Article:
Michael Papadopoulos - a familiar face returns!

Michael apadopoulos.jpg

For our Carol Concerts this year it was a great pleasure to welcome back our former accompanist, Michael Papadopoulos on the organ. Apart from accompanying some of the carols, he showed off the full power and range of the organ with the Toccata-prelude 'Vom Himmel hoch' by Edmundson.

From my place in the front row of the tenors, his became a very familiar face during rehearsals and I not infrequently I found myself catching his friendly eye over the top of the piano. So I managed to button-hole him between the concerts and grabbed a brief interview.

It's great to have you back, Michael. As an introduction, could you tell us a little about your background before you came to St Albans?

I wasn't a chorister or anything, I kinda fell into church music when I was at school, and I ended up playing the organ for the chapel choir at my school in the 6th form. After that I got an organ scholarship to Oxford (Trinity College) and there I took lessons and did more music. After that I came here as Organ Scholar.

What was your role, exactly, here at St Albans?

I was the Organ Scholar from 2013 - 2015. I was the accompanist of the girls' choir, playing two evensongs a week for them, and I also played one evensong a week for the boys. I accompanied the Parish Singers during the 9am Sunday Eucharist, made booklets for big services, assisted Tom [Tom Winpenny - Assistant Master of the Music], and did various other things, as well as being the accompanist for the Bach Choir.

So how did you enjoy it?

I loved it! Both because I got on with both Tom and Andrew [Andrew Lucas - Master of the Music] really well, which made a huge difference and also because the instrument is such a joy to play on - so colourful but also incredibly exciting. The level of training I received is also something I am immensely grateful for, and which has stood me in very good stead since.

Accompanying the Bach Choir, I think you had to transpose at sight for something we did, didn't you?

Not quite at sight, as I had practiced the music in advance, but yes we did two things down a semitone, the St Matthew Passion and the Christmas Oratorio. As an organist, you’re trained to be able to transpose at sight, but with Bach it’s never straightforward!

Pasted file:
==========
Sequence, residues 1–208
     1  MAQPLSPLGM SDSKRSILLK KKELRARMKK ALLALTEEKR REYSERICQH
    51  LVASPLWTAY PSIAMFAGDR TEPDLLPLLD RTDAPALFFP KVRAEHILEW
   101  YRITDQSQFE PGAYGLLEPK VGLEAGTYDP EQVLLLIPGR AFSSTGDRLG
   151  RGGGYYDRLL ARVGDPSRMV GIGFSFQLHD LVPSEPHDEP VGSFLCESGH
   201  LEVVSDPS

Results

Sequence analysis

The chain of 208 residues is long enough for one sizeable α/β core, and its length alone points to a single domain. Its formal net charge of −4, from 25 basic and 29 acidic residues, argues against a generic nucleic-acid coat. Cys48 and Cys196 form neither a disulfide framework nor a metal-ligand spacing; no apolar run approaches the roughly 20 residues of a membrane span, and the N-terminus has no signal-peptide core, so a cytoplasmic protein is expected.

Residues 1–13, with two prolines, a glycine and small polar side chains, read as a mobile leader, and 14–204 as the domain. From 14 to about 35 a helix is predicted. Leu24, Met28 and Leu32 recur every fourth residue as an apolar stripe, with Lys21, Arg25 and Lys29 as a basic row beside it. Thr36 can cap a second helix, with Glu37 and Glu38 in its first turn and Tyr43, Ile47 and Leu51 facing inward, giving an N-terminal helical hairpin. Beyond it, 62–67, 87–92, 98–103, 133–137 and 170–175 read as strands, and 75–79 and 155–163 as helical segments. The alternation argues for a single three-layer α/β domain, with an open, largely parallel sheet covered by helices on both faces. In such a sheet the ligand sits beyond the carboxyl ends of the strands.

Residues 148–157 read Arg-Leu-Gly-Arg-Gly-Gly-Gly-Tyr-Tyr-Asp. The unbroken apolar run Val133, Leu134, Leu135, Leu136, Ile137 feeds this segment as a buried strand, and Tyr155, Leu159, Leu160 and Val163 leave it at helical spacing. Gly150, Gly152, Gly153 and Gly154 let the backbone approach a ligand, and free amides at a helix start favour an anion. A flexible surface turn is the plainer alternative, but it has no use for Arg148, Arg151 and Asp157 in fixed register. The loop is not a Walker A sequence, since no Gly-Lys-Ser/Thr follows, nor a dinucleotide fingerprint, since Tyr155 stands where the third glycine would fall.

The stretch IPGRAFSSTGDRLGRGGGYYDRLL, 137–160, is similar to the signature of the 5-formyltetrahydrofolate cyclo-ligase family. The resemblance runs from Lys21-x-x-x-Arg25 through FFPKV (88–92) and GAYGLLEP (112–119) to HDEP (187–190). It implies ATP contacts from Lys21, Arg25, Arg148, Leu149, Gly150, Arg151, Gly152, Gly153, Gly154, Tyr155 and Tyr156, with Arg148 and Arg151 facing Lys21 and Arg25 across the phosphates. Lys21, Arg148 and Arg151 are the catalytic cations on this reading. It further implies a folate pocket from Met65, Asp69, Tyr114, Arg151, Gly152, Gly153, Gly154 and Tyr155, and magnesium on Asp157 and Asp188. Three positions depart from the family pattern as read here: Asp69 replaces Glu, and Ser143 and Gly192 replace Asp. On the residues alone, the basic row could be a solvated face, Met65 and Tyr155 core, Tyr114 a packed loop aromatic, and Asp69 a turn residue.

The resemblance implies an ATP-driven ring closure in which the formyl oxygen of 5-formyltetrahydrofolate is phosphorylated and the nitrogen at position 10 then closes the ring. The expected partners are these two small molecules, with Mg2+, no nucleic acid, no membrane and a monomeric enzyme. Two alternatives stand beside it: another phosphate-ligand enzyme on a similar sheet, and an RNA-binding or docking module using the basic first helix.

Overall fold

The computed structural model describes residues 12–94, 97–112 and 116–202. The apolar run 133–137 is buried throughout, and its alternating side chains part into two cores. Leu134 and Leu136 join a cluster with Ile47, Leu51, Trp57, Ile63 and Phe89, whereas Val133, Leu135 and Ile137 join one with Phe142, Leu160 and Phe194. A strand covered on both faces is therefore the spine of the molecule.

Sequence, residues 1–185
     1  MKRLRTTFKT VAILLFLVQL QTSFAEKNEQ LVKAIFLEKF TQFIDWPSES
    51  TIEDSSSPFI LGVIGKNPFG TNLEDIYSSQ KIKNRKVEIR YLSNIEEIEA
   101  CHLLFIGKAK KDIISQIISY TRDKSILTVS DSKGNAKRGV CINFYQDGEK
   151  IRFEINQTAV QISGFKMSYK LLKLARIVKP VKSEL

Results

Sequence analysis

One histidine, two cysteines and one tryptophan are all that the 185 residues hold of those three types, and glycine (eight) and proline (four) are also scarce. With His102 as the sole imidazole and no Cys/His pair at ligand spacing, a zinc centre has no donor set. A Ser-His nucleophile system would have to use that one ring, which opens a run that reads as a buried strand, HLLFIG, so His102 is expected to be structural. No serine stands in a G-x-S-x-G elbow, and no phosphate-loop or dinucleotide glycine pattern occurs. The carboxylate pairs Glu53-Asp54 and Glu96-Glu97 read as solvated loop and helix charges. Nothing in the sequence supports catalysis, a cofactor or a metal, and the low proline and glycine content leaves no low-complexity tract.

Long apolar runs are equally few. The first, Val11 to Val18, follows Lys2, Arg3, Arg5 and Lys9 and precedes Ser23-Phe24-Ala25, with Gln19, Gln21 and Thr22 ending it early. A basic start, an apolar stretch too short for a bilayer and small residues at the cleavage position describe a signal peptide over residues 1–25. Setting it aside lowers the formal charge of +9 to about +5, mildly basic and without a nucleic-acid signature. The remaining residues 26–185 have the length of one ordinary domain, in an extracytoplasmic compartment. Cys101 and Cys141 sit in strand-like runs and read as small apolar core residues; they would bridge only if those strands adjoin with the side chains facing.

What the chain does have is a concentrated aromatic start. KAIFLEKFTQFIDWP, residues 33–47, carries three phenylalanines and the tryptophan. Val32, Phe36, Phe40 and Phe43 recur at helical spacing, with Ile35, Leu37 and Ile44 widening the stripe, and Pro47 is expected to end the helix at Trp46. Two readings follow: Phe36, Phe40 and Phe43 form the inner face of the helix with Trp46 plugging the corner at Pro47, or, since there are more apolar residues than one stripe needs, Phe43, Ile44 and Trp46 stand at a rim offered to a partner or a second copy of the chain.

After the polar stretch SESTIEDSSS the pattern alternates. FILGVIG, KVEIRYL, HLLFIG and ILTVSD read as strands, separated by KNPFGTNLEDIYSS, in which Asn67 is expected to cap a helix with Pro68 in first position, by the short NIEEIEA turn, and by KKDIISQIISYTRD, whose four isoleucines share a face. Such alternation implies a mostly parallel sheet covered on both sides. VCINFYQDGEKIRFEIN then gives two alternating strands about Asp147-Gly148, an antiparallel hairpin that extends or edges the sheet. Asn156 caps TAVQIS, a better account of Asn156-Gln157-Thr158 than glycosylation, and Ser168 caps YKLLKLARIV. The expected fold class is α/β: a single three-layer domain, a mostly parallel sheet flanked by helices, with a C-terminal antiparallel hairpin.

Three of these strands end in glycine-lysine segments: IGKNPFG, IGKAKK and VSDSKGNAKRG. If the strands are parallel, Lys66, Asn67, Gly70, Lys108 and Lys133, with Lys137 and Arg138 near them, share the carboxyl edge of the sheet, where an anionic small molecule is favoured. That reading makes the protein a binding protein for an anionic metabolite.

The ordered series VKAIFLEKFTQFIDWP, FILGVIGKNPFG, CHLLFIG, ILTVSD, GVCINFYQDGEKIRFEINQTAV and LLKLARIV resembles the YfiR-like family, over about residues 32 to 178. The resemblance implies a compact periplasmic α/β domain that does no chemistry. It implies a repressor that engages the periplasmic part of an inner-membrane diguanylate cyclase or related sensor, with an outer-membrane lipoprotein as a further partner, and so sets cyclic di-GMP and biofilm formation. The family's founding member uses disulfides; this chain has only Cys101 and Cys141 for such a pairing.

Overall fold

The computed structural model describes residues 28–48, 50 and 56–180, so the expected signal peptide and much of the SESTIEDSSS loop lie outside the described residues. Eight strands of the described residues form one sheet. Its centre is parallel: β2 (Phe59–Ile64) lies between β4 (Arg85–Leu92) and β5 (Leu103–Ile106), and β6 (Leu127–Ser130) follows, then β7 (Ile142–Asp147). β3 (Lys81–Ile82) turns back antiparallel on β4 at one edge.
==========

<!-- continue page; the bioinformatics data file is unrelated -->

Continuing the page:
Was there anything particularly memorable about your time accompanying the Bach Choir?

One Christmas I had bought a toy megaphone for Andrew. The next Bach Choir rehearsal he brought it with him and at the first opportunity, when I hadn’t quite heard one of his instructions, he took it out and repeated it loudly on this ridiculous, but quite effective, toy. I think everyone enjoyed that…

So what is your most enduring memory of your time here in St Albans?

There are quite a few things that are stuck in my mind. The concerts I did with the Bach Choir when I was playing continuo were quite special - doing my first St Matthew Passion, my first Christmas Oratorio - that kind of thing is fantastic. I did a CD here with the girls' choir, which was really fun. We did loads of big services - seeing this massive nave full, kind of inspires you.

Finally, what are you doing now, having left the Abbey, and what are your plans for the future?

Immediately after the Abbey I went to Clare College Cambridge as their assistant organist for a year, and at the same time I was appointed Assistant Director of Music at St Paul's  Church in Knightsbridge where I am still today - that's a Sunday morning and they have quite a busy music schedule outside of that as well. During the week I'm an opera répétiteur. I did a year's training at Guildhall before becoming a Conducting Fellow in their opera department. My last project with them is as assistant conductor for Poulenc’s Dialogues des Carmélites, and I'm working with Opera Holland Park this Summer as a Young Artist. Playing for the Bach Choir, having to support so many singers, was very good training for me in terms of being an accompanist for opera singers and having to produce an orchestral body of sound from the piano.

Thank you Michael, and it's been great talking to you. Let me just finish by wishing you every success in the future!

Interviewer: Philip Le Riche
(Views expressed are personal and do not necessarily reflect an official St Albans Bach Choir view.)